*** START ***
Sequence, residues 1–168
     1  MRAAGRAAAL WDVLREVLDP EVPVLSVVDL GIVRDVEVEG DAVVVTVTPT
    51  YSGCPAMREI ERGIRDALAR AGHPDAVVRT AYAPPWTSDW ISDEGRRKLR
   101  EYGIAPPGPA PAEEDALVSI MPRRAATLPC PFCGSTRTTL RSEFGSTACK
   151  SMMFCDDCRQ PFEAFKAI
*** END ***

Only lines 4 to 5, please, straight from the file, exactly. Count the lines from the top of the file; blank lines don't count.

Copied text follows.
   101  EYGIAPPGPA PAEEDALVSI MPRRAATLPC PFCGSTRTTL RSEFGSTACK
   151  SMMFCDDCRQ PFEAFKAI